The Right Tools
Yard Waste Bag or Compost Bin
Hand or Long-Handled Hoe or other Garden Weeder
Dandelion Knife/Fishtail weeder for taproots
Landscape Fabric and Mulch
Pre Emergent Treatments
Know Your Enemy!
Knowing the type of weed you are dealing with takes some identification, experience and the right tools for each. When breaking ground on a new planting site, there can be all sorts of weeds laying in wait for this great opportunity. Starting by knowing if you are combatting annual, perennial & biennial weeds will save you time.
Plants with taproots have a root that can be several inches deep. If they break off in the ground, they can regrow. Remove these as deep as possible. Dandelions are an example.
Herbaceous weeds, like Chickweed and small weed grasses, can be cut off just below the soil level with a sharp knife or weeder and not disturb the soil around them (allowing dormant weeds to be brought up to the surface).
Woody weeds, like those from shrubs and trees, have tougher stems and taproots, and sometimes need a shovel to remove them.
Spreading and mat-forming weeds like Prostrate Knotweed, can root at every node that touches the ground, so remember to get out all those nodes and roots at each junction.
Lastly the suckering vs runner-forming weeds like Mint can start in one area and sprout in another. Check around the area of each to make sure you have gotten all their satellite branching.
Methods of Control
The best means of control is prevention! Anytime you start a new garden area or have disturbed the soil for a new plant installation, you have several methods to stop the weeds from forming in the first place.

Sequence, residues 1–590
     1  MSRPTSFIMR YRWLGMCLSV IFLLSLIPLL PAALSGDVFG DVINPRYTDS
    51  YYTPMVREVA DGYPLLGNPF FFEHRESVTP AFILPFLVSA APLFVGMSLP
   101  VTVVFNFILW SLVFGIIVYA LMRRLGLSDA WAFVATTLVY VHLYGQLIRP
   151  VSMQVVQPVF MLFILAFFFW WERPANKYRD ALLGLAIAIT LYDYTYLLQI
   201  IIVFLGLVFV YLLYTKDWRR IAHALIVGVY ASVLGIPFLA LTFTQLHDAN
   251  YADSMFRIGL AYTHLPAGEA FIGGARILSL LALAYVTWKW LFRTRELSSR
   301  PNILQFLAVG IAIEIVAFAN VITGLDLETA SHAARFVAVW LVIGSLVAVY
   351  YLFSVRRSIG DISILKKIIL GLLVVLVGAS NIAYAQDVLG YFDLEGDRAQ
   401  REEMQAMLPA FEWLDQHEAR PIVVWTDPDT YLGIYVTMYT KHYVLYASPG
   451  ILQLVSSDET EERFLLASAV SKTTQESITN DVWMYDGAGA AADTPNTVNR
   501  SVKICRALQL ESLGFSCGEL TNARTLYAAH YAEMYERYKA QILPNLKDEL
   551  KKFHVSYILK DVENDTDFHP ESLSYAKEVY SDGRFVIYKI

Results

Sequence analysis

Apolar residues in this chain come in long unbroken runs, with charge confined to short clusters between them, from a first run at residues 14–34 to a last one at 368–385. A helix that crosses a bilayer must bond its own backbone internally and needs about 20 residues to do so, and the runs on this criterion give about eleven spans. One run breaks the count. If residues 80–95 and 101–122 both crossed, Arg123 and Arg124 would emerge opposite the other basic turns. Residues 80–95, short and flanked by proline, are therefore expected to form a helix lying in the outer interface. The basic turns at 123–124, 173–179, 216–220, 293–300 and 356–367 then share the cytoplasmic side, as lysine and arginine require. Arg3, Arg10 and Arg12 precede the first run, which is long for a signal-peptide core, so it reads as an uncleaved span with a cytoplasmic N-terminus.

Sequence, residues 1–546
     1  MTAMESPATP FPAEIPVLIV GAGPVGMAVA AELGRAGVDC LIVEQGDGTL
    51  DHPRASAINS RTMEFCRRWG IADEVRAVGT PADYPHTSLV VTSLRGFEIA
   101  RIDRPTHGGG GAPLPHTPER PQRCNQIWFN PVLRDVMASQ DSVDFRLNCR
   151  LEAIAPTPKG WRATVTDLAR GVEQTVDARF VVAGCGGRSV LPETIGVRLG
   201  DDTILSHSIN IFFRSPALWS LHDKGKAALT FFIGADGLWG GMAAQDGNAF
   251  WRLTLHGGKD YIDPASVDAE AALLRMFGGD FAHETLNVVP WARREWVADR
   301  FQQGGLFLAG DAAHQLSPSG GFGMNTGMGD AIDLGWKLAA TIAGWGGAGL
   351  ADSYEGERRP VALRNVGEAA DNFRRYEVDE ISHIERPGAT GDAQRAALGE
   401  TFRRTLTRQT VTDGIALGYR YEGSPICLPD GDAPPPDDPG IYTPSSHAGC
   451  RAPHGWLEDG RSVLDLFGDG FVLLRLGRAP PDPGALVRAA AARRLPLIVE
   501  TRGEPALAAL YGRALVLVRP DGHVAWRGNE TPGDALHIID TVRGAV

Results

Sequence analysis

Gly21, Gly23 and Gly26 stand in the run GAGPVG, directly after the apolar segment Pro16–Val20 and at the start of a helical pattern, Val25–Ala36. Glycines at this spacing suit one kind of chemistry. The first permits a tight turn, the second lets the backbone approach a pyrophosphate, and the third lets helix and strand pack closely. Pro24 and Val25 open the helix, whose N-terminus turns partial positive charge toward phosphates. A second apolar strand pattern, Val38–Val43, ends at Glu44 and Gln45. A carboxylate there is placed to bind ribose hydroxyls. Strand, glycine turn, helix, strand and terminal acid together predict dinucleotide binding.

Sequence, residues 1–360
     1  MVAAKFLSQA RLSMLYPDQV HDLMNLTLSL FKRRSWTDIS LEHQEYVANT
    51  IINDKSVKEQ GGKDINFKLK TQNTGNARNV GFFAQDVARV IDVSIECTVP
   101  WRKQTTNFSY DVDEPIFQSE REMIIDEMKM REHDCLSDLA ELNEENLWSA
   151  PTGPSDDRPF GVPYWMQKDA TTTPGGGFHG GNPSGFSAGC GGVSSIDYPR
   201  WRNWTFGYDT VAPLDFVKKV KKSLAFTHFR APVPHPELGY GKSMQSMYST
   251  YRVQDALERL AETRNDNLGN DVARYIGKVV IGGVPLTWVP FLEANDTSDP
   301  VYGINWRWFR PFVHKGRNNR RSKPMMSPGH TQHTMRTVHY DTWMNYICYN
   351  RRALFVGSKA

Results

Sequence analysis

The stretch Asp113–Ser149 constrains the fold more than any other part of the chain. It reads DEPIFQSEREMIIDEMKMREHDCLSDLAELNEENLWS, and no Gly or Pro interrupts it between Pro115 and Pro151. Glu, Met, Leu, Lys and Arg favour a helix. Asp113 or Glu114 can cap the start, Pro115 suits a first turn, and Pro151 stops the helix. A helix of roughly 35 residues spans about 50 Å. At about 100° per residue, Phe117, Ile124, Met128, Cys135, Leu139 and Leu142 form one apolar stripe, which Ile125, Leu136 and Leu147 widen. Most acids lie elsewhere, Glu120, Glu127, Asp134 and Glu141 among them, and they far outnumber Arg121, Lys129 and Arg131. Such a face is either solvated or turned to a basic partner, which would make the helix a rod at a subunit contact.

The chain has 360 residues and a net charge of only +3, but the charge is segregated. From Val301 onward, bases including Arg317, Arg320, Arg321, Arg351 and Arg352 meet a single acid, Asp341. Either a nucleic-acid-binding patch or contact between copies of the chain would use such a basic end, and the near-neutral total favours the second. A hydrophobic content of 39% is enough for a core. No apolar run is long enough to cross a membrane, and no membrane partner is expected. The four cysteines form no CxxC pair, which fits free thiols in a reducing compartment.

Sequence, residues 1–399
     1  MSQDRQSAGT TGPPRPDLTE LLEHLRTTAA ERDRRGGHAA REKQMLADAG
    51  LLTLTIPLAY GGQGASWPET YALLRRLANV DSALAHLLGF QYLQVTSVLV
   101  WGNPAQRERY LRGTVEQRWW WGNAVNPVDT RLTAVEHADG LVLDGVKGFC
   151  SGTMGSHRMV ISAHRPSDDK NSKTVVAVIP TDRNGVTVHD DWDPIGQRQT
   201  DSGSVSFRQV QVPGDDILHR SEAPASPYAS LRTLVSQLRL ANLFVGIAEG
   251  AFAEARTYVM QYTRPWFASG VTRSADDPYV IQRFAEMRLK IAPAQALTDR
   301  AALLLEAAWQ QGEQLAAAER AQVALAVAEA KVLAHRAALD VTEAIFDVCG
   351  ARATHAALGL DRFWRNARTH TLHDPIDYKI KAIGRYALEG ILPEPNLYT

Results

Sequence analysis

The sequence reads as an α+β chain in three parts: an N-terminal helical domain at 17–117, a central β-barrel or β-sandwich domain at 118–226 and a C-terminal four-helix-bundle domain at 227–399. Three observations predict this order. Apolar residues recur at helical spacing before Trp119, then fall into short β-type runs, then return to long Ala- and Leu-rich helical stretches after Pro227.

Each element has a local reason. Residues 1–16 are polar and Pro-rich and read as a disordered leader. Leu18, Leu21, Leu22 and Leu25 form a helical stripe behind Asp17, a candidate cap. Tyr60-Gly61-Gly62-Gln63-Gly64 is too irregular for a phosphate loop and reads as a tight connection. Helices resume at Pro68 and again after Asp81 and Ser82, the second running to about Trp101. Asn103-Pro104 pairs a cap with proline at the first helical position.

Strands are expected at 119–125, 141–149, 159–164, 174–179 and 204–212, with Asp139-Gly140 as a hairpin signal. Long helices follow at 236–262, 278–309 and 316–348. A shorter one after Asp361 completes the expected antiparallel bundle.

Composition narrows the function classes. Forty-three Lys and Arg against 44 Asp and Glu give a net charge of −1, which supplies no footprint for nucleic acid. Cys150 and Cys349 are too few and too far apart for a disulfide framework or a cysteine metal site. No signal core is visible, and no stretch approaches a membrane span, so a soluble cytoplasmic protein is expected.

Getting weed seed-free soil and compost when filling garden beds and containers is essential to remember. If you are getting dirt from an unknown source, you can cook it in batches in an old crockpot on low, or cook it in the sun in black plastic or a dark-colored tarp. Keeping your compost pile running hot with lots of nitrogen, will kill any microscopic bacteria, plant viruses, or weed seeds while providing you with loads of upcycled soil.
If you have time and the sun and heat on your side, temporarily laying a sheet of black plastic over the entire planting area for a few days will smother and cook the weeds and their seeds enough to kill them outright. This can take a week or two. If you don’t have the time to wait, then apply a pre-emergent treatment that prevents the weeds from germinating at the time of planting your rooted plants. Do not use this method if you are planting seeds - pre-emergents are non-discriminate.
“Pull When Wet. Hoe When Dry”
Small, herbaceous weeds can be left on the surface of the soil to dry out in the sun without any worry they’ll have a chance to reroot and grow again, especially if it is a hot dry day. Larger weeds and more invasive varieties should be removed entirely from the area, sometimes even with as much dirt still clinging to the roots as possible. Just so none of their adventitious roots can regrow.
Apply and maintain a nice 3-4 inch layer of arborist mulch of almost any kind to suppress weed growth around all of your plants (in addition to its numerous other benefits!). Most weed seeds only germinate when they are in the top couple of inches of soil, and others yet only if exposed to sunlight; so ensuring they stay deep and stay dark is half the battle!